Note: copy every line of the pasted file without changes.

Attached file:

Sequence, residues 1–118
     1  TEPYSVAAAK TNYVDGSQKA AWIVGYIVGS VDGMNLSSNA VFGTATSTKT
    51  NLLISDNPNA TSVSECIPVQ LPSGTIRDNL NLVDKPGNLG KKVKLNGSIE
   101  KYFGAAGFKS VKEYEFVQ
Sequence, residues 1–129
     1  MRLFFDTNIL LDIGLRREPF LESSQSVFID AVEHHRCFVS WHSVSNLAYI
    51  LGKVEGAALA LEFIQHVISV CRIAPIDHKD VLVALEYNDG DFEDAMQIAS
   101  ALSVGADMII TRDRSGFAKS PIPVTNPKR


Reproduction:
Sequence, residues 1–118
     1  TEPYSVAAAK TNYVDGSQKA AWIVGYIVGS VDGMNLSSNA VFGTATSTKT
    51  NLLISDNPNA TSVSECIPVQ LPSGTIRDNL NLVDKPGNLG KKVKLNGSIE
   101  KYFGAAGFKS VKEYEFVQ
Sequence, residues 1–129
     1  MRLFFDTNIL LDIGLRREPF LESSQSVFID AVEHHRCFVS WHSVSNLAYI
    51  LGKVEGAALA LEFIQHVISV CRIAPIDHKD VLVALEYNDG DFEDAMQIAS
   101  ALSVGADMII TRDRSGFAKS PIPVTNPKR